Posted by Sean in Burritos (and other awesome things), Talking Heads (and other music).
Tags: ,
1 comment so far
International Superhits!

Image via Wikipedia

I have a love/hate relationship with Green Day.  Back in middle school, I used to love them.  Then all my friends hated them, so I decided I did too. When I started to listen to them again, it was 10th grade and I started to explore more and more music styles. But like a fool, I decided I didn’t like Green Day, so back on the shelf they went.  I never really got back into them in a big way until the middle of my freshman year at college, and man are they awesome!

Let me back up a little bit.  My first taste of Green Day was a sixth grade Christmas present from my mom.  It was the compilation album International Superhits! and I loved it right away.  In fact, it’s been my favorite Green Day album, and it’s easily in my top 10 albums that I own.  My favorite songs off that CD are “Maria” and “Welcome to Paradise” (not that you asked).  I loved this CD all the way up until my friends decided Green Day wasn’t cool anymore.  When was that, you ask? Right around the time American Idiot came out.  I was still in middle school, and I admit, I liked it at first when I heard it.  But for whatever reason, my friends decided Green Day was “too emo” (whatever that means) and a “bunch of sellouts” (though that one I agree with).  So I stopped listening.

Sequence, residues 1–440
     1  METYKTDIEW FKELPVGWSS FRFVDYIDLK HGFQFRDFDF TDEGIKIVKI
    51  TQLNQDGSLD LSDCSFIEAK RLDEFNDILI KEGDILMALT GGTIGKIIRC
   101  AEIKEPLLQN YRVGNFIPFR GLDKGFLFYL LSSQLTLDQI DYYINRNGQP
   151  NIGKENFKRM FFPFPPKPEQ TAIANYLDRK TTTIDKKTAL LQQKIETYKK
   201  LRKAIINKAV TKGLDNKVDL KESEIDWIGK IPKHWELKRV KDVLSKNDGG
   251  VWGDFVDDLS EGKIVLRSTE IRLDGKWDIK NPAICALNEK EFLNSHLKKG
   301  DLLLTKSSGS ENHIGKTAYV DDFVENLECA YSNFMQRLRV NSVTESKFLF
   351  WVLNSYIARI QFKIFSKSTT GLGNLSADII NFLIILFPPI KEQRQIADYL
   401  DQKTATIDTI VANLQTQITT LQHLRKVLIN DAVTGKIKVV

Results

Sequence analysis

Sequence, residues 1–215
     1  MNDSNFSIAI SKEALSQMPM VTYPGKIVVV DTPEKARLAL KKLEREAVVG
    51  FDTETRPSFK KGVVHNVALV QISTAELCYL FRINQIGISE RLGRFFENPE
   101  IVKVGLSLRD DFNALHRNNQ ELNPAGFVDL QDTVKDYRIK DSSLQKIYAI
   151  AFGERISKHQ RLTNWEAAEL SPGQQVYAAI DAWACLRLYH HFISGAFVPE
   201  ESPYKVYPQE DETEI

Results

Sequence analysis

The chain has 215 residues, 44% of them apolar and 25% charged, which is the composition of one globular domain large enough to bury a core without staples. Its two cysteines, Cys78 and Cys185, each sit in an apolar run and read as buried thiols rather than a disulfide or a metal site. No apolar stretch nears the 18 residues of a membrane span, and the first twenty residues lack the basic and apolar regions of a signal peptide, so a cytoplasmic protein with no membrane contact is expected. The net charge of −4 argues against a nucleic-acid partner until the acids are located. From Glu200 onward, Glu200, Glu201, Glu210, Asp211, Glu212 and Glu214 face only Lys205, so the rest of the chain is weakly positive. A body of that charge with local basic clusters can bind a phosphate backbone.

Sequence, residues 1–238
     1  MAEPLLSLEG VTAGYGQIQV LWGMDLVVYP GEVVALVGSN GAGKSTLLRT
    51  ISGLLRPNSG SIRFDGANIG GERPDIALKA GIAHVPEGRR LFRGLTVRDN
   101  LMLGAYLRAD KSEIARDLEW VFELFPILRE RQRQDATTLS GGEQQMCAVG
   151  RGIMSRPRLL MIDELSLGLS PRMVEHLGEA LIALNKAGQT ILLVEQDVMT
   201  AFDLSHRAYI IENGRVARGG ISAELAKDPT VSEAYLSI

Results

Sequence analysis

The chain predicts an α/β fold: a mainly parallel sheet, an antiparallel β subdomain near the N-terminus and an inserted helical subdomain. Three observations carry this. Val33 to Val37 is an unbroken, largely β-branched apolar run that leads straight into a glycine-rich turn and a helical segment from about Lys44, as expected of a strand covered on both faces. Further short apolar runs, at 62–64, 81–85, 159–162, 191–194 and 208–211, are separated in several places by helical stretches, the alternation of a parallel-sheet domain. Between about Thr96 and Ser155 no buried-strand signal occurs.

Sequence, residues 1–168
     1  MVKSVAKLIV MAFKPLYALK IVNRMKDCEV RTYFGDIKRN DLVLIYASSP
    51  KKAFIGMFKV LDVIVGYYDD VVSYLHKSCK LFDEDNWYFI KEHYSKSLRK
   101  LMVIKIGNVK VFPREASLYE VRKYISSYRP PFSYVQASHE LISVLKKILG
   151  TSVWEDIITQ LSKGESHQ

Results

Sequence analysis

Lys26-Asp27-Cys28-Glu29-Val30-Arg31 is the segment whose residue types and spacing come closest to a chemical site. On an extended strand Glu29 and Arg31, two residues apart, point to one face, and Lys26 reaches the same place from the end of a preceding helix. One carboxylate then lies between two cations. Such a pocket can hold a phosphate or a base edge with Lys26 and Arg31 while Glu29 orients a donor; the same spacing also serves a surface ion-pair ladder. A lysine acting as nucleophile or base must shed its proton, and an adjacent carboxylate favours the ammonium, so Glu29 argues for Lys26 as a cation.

Skip ahead a few years to the 10th grade.  I’m exploring music, and take a trip to the heavier side and eventually meander back to Green Day.  I browse to it on my iPod, turn the volume up, and drift off into my music. Tune in, drop out, as it were.  Suddenly, the guitar riff comes blaring in, followed by: “Dear mother, can you hear me whining?  It’s been three whole weeks since that I have left your home…”  Holy CRAP I forgot who awesome this song was! “This sudden fear has left me trembling cause now it seems that I am out here on my own and I’m feeling so alone….”  You better believe I turned that shit up, man!  Green Day was back into circulation, if you would.

For the sake of brevity, let’s skip ahead to my freshman year at college.  It’s winter, and architecture school  had gotten me down.  One night in design, my design partner Chi (I forget what his real name is now; we always called him “Chi” because his last name was something ridiculously Polish. Chajkouski, or something like that.) puts on a song I know, but hadn’t heard in awhile.  It seemed so distant.  I listen closer… “Pay attention to the cracked streets and the broken homes…” Sure enough, it was the same song as that one day so many years ago.  Fuck yeah, man!, I thought.  The Green Day love had started again.  Except this time, it lasted much longer.  I kept listening to Green Day (and some other punk rock) for a couple months, and I even went out on a bender and downloaded their entire discography online, as well as a physical copy of Dookie (which happens to be my second favorite Green Day album) at one point.  I was in a full-scale Green Day swing.

Later on that summer, I came down with a bit of a cold (which was weird, because, who gets sick in the summer?), so I stayed indoors for a couple days.  One night after I was feeling better, I was skyping with my best friend who had just gotten back from some concert.  We got to chatting and I found out it was a Green Day concert. Hoo boy, that must’ve been fun, wish I could’ve gone.  Too bad I was sick.  I don’t really like anything they’ve done since Dookie (coincidentally, right around the time they “sold out”), but who knows what would’ve happened?  Maybe Green Day would be higher on this list… 🙂

%d bloggers like this: